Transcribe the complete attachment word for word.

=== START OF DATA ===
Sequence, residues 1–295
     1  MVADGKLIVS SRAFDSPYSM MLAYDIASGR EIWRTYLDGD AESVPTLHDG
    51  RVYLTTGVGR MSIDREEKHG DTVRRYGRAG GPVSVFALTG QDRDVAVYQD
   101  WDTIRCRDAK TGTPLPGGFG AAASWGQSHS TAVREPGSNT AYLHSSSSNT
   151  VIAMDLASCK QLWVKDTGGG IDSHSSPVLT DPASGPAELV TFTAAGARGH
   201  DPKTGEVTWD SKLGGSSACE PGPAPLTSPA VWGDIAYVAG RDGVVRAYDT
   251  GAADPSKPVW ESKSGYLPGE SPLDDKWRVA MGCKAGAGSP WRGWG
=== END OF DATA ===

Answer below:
Sequence, residues 1–295
     1  MVADGKLIVS SRAFDSPYSM MLAYDIASGR EIWRTYLDGD AESVPTLHDG
    51  RVYLTTGVGR MSIDREEKHG DTVRRYGRAG GPVSVFALTG QDRDVAVYQD
   101  WDTIRCRDAK TGTPLPGGFG AAASWGQSHS TAVREPGSNT AYLHSSSSNT
   151  VIAMDLASCK QLWVKDTGGG IDSHSSPVLT DPASGPAELV TFTAAGARGH
   201  DPKTGEVTWD SKLGGSSACE PGPAPLTSPA VWGDIAYVAG RDGVVRAYDT
   251  GAADPSKPVW ESKSGYLPGE SPLDDKWRVA MGCKAGAGSP WRGWG